[This document is a one of a series of discussion notes addressing fundamental questions about the COVID-19 crisis and response strategies. These documents are based on the best scientific information available and may be updated as new information comes to light.]
Written by Clara Marín, Oriana Ramírez, Carlota Dobaño, Jeffrey V Lazarus, Gemma Moncunill and Adelaida Sarukhan (ISGlobal), the document analyzes if Spain will achieve the herd immunity against COVID-19.
On 10 May 2021, the Spanish prime minister announced that, if the vaccine delivery schedule is met, Spain would reach the government’s desired level of herd immunity—70% of the population vaccinated—in 100 days, i.e. on 18 August. Given the available evidence, is this claim realistic?
The document addresses what percentage of the population must be vaccinated to achieve herd immunity. This is a threshold not known with any certainty because it is based on the virus’s basic reproduction number or R0, and the Ro of SARS-CoV-2 is an estimate: we do not know for sure how it responds to factors such as space or different variants of the virus.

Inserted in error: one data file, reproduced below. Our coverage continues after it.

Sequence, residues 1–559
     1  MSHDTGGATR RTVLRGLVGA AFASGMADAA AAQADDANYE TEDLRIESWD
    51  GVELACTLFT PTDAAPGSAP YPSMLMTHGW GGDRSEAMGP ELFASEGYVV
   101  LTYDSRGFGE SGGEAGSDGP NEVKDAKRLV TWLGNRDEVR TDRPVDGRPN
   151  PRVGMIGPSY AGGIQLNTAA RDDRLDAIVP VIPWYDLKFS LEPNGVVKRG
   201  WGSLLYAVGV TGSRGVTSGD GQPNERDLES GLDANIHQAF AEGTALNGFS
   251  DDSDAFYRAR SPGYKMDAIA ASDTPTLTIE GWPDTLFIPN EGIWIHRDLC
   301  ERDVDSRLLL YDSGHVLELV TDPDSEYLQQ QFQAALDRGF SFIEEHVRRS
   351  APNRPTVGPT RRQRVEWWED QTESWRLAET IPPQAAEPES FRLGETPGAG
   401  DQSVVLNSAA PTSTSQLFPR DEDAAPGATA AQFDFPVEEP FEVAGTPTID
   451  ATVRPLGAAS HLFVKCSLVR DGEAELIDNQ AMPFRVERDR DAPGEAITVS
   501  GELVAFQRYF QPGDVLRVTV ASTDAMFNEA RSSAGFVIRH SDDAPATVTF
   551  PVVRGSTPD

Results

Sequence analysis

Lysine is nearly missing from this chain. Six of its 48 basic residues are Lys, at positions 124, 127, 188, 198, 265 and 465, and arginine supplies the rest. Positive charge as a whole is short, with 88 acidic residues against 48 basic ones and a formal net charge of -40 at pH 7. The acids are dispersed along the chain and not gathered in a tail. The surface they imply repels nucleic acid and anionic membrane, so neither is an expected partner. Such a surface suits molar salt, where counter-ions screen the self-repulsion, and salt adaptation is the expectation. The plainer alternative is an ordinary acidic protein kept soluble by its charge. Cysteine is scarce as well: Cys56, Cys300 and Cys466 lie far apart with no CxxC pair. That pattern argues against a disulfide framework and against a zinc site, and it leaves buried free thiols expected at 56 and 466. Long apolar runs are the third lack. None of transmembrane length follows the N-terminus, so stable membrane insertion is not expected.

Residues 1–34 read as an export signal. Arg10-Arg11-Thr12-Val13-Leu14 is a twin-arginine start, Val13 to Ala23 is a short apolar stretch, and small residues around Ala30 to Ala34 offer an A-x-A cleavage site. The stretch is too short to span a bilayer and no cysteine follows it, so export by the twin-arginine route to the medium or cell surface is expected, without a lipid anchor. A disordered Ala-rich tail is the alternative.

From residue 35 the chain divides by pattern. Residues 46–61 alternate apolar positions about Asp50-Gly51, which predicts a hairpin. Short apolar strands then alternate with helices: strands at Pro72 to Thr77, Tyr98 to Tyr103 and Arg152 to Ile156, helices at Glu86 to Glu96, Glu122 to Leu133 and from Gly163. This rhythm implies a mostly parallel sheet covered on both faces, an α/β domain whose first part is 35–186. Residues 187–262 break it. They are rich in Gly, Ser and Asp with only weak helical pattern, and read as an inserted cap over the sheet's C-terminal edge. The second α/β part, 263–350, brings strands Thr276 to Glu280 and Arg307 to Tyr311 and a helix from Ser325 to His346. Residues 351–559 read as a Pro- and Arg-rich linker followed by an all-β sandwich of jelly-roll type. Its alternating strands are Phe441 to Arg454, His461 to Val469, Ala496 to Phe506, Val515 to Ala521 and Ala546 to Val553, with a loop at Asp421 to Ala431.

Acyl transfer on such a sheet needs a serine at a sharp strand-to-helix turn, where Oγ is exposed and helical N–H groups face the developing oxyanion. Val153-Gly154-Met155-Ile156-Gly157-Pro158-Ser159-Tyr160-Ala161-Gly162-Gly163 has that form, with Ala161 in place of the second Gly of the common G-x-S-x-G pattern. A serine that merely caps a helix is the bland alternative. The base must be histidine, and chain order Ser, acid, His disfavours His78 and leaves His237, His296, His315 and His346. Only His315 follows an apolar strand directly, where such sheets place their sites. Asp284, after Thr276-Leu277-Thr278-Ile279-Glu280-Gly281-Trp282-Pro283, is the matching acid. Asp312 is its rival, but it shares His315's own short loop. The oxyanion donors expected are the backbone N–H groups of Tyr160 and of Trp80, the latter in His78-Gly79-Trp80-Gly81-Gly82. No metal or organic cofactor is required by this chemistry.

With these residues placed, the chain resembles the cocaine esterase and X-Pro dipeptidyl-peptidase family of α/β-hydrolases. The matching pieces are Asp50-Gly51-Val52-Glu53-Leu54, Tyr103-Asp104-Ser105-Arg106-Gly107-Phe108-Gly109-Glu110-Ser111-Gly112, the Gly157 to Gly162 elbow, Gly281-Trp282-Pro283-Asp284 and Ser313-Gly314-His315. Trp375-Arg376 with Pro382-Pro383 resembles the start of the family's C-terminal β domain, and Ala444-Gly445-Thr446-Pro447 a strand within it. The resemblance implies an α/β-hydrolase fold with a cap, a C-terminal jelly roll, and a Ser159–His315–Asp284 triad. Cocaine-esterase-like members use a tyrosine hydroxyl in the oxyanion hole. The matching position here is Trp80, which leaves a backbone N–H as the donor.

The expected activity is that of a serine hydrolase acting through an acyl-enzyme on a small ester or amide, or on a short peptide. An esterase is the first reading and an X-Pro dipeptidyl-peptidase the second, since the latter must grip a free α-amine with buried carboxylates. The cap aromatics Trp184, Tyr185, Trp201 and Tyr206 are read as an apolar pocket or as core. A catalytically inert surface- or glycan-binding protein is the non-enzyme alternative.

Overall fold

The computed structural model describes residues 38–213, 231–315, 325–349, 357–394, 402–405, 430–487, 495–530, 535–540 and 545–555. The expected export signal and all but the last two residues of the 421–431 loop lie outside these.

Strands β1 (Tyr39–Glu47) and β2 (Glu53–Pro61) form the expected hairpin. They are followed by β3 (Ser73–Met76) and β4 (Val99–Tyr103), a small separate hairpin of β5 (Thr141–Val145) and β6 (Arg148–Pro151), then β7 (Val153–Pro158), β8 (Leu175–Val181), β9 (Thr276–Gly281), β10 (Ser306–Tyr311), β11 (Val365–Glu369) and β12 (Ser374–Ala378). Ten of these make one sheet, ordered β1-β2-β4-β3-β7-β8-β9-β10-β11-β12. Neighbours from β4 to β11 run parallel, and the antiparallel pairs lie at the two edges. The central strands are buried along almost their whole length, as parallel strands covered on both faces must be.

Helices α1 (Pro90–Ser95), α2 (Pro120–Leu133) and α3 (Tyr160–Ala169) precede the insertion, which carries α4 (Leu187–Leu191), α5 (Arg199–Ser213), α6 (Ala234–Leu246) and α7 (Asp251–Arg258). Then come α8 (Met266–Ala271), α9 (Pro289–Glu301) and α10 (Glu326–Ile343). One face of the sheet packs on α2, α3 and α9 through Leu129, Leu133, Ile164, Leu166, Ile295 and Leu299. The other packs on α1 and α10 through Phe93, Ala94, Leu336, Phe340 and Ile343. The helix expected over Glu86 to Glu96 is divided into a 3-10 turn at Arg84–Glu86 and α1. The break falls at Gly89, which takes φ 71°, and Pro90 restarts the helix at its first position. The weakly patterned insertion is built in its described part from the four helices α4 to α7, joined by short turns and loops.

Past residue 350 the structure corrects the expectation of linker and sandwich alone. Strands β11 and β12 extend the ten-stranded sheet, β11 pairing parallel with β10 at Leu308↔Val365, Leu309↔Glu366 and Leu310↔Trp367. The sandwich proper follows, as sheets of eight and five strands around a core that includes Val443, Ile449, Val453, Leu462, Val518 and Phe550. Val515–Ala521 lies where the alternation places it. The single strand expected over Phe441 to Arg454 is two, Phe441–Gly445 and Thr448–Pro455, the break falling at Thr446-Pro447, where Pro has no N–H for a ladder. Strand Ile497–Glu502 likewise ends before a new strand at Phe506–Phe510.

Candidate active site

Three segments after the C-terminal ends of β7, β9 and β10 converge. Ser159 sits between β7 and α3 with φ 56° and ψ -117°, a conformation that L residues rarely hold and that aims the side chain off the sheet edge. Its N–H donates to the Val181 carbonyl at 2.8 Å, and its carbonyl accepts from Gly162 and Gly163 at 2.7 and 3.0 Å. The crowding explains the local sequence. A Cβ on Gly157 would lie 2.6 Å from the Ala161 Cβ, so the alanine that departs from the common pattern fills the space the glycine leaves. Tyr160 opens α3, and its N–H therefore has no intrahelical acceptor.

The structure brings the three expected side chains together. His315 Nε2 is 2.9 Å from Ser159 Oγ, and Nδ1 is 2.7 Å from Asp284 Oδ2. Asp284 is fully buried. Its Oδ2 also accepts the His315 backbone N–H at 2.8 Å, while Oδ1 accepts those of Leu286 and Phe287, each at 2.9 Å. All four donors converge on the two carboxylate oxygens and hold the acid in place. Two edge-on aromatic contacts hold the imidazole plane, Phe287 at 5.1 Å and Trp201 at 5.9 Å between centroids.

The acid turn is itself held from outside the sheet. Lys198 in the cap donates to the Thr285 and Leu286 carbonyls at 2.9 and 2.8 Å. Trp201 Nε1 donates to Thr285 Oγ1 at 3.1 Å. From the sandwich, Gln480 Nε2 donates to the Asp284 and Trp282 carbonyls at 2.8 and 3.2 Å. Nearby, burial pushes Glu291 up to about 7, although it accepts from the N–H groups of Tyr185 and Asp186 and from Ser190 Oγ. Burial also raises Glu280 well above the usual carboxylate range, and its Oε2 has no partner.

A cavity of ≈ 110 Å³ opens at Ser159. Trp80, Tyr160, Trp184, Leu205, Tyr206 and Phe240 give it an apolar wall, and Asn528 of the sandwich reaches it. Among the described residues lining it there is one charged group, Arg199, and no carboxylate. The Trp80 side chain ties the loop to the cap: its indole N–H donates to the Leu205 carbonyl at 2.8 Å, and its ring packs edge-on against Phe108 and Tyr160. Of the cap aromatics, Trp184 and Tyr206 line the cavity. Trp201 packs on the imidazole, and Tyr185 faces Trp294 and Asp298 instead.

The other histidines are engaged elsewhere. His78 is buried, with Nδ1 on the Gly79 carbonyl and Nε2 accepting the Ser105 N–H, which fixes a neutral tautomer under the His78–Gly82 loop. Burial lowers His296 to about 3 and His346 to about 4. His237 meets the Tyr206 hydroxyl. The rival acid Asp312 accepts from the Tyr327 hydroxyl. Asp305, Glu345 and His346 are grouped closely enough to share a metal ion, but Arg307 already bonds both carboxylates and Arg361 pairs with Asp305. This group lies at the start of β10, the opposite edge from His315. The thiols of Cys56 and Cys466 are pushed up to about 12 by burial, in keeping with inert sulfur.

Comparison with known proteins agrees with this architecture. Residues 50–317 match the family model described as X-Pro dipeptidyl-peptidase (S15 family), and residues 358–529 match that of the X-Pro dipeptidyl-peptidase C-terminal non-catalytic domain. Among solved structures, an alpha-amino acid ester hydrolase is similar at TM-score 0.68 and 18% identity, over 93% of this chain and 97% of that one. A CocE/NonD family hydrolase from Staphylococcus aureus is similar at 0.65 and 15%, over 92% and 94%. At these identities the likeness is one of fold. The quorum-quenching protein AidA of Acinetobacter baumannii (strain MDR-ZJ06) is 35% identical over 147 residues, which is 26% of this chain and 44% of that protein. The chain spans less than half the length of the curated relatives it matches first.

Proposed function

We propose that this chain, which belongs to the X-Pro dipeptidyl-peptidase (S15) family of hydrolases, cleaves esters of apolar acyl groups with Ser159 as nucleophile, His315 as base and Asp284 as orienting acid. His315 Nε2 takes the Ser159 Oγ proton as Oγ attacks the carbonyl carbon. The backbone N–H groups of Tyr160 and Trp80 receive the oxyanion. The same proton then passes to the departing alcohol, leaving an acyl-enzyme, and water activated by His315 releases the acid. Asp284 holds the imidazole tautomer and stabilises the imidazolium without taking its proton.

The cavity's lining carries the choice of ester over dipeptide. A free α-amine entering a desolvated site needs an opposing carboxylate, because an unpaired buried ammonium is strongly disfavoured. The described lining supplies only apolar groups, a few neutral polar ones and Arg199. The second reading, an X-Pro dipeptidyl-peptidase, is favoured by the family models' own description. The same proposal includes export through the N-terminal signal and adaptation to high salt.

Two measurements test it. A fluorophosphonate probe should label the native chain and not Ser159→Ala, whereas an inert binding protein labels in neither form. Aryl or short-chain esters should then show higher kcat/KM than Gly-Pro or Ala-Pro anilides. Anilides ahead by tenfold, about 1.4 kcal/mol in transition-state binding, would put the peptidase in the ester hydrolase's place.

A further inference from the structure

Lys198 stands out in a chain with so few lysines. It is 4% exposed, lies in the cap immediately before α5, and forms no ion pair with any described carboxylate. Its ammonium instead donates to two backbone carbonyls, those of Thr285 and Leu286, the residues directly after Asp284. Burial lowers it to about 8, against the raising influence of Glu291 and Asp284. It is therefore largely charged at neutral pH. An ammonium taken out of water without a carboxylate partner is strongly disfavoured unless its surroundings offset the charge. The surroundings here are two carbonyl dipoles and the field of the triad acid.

The document addresses as well the obstacles to achieving herd immunity:
- Although vaccines have been shown to reduce transmission, the available evidence suggests that they do not stop it completely.
- Global vaccine distribution is very heterogeneous and in a globalised world herd immunity cannot be guaranteed for anyone unless a global health strategy is adopted.
- More transmissible variants of the virus have emerged, pushing up the vaccination threshold required for group protection.
To complete the analysis, the document presents the experiences of Israel, Chile, India and Vietnam.
And concludes with some recommendations:
- Keep using non-pharmacological preventive measures
- Don’t leave anyone behind
- Aim for the highest possible vaccination coverage
- Do not disregard the functional control strategy. For some diseases, such as influenza, we will never achieve herd immunity